The Trillion-Dollar Coin Might Be the Least Bad Option; Why the legal scholar Rohan Grey thinks the U.S. Mint can defuse the debt-ceiling standoff
Annie Lowrey – The Atlantic
Later this year, for no good reason at all, the United States might enter a chaotic period of financial default. Once again, the country has hit its statutory debt limit, because Congress continues to spend more than the government receives in tax revenue. The Treasury has no more legal authority to issue new debt and is currently using a series of “extraordinary measures” to keep the government’s bills paid. Those extraordinary measures will last for only six months or so. At that point, either Congress will raise the debt ceiling or the full faith and credit of the country will be at risk.

South America’s Make-Believe Money Is Either Dangerous or Irrelevant; Ideologically driven plans by Argentina and Brazil for a common currency fly in the face of history and economic and political reality.
Eduardo Porter – Bloomberg
When the presidents of Brazil and Argentina announced at a regional summit in Buenos Aires that they would start planning for a common currency, you could almost hear the chortling from lower Manhattan to the Washington headquarters of the International Monetary Fund. “It’s not far from El Salvador adopting Bitcoin,” said Kenneth Rogoff, who became chief economist at the IMF just in time to witness the macro-devaluation of the Argentine peso in 2001. Olivier Blanchard, who held the post a few years later, went simply for “insane.”

‘Scared the Hell Out of Me’: NYSE’s Wild Start Rattles Traders
Bailey Lipschultz, Jessica Menton and Yiqin Shen – Bloomberg
A chaotic open for some stocks listed on the New York Stock Exchange sent chills across Wall Street as dozens of the largest companies in the US seemed to erase billions of dollars in market value for no apparent reason, leaving some investors frustrated and others clamoring for an explanation. Trading was halted for dozens of big-cap stocks within the first 30 seconds of Tuesday’s session after they appeared to post wild swings that puzzled investors. The NYSE’s operations were back to normal less than 20 minutes later.

Off-exchange traded funds; The lit liquidity erosion
Robin Wigglesworth – Financial Times
The central premise of ETFs is that they are funds that trade on an exchange. It’s right there in the name: exchange traded funds. Except, it seems to be becoming increasingly less true. Here is an intriguing chart showing how off-exchange trading in US ETFs jumped to a new record in 2022, from Paul Rowady of Alphacution, a market structure research house.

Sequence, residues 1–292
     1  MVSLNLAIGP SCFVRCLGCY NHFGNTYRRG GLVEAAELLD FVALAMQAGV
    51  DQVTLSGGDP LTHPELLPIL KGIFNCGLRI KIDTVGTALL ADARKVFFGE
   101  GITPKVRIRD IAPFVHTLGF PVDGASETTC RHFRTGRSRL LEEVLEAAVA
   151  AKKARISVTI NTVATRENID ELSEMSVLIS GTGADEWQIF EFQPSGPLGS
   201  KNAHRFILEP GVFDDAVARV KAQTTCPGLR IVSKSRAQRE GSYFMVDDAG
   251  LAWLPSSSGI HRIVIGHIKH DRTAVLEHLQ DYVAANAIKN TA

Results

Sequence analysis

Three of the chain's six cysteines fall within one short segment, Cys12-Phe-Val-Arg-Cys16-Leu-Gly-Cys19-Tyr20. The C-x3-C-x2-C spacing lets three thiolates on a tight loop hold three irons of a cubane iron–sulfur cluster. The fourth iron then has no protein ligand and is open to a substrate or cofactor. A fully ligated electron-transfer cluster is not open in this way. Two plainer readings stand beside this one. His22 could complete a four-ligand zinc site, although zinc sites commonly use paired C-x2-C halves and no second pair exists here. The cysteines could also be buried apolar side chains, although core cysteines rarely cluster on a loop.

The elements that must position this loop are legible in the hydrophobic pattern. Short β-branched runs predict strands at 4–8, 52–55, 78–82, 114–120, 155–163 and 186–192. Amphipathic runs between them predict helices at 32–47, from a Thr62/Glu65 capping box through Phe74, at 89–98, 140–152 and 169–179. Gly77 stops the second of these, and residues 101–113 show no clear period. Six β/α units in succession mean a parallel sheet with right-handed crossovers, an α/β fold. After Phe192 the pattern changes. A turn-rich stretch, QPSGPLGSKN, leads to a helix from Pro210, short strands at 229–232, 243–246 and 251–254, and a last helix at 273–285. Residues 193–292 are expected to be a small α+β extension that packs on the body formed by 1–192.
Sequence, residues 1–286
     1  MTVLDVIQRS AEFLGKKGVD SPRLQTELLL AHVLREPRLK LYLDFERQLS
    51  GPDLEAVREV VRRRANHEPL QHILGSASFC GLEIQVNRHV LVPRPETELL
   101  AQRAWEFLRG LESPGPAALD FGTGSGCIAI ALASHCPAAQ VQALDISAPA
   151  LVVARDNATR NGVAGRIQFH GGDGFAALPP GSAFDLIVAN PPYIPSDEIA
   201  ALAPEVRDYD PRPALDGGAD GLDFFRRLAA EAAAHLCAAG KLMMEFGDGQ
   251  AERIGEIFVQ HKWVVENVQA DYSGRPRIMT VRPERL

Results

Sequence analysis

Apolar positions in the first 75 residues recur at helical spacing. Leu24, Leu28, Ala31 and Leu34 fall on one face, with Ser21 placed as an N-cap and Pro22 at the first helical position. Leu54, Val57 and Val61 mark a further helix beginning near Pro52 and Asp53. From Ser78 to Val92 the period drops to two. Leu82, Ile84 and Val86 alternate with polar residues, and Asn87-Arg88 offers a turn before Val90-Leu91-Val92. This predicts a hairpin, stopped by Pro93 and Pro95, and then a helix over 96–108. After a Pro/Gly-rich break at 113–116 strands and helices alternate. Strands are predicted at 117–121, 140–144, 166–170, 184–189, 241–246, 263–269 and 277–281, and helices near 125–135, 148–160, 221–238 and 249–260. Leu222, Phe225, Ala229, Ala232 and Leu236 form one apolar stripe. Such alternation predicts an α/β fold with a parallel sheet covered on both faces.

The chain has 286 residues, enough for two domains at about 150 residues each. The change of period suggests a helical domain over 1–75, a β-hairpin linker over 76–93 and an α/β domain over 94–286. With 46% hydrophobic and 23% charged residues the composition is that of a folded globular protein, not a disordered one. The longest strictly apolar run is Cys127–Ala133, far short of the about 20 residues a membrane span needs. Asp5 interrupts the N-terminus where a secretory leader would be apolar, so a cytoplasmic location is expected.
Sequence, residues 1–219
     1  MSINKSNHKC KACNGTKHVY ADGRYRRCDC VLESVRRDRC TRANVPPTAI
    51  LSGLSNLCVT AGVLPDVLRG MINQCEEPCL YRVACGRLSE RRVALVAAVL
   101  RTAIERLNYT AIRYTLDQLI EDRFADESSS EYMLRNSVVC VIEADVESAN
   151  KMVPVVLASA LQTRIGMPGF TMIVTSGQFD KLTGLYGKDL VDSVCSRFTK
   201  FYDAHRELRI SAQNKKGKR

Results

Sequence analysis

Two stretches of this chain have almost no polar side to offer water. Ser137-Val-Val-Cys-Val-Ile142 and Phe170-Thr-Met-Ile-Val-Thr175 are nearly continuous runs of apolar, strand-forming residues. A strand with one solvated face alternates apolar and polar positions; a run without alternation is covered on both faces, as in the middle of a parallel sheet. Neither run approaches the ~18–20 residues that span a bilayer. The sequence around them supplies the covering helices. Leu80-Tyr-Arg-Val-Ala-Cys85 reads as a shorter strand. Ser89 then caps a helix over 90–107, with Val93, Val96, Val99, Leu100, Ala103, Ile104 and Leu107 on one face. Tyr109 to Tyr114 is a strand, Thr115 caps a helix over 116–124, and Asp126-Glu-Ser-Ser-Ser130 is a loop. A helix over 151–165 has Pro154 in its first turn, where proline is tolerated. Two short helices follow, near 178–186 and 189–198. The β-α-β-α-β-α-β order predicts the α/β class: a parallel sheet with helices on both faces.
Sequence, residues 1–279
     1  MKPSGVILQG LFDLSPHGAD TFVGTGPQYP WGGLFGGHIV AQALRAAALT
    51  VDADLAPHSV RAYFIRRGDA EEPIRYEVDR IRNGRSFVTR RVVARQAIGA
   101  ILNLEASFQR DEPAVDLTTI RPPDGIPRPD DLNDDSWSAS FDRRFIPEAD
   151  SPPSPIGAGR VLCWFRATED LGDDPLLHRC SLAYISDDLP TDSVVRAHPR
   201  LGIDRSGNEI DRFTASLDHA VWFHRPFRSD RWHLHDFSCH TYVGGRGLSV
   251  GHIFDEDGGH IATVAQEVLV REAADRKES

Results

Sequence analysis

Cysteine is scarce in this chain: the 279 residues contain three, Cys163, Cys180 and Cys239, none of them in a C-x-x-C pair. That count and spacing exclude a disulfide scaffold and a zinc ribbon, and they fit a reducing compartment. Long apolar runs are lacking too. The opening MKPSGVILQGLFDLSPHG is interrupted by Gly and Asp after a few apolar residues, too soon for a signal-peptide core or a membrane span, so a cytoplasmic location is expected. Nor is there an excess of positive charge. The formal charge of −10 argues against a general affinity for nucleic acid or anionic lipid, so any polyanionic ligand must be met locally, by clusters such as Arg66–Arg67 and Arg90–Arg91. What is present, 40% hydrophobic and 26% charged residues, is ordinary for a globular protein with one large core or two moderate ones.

Crypto miners seek financial lifeline with intense battle for bitcoins; Rising cryptocurrency price boosts hopes of an upturn in industry fortunes
Martha Muir – Financial Times
Cryptocurrency miners are turning their machines back on as the rallying price of bitcoin offers a vital lifeline to their cash-strapped businesses. The value of the token has emerged from the doldrums to soar by more than a quarter this year against the dollar, incentivising the owners of huge warehouses of servers for mining to accelerate their use in the battle to secure more bitcoins. The average hashrate, or the computing power directed towards mining bitcoin, rose to a record 280 exahash – or quintillion – operations per second on January 20, according to data from Hashrate Index, a mining information service.

UK competition watchdog to ease rules on climate change action; Regulator to broaden exemption for companies collaborating on initiatives that will limit global warming
Kate Beioley and Camilla Hodgson – Financial Times
The UK competition regulator will ease the antitrust rules on climate change initiatives to tackle business concerns that collaboration on climate action could expose them to claims of collusion. The move comes after a wide range of groups, led by the financial sector alliance known as Gfanz, spearheaded by former Bank of England governor Mark Carney, said fears of antitrust enforcement action prevented them from taking a tougher stance on climate action.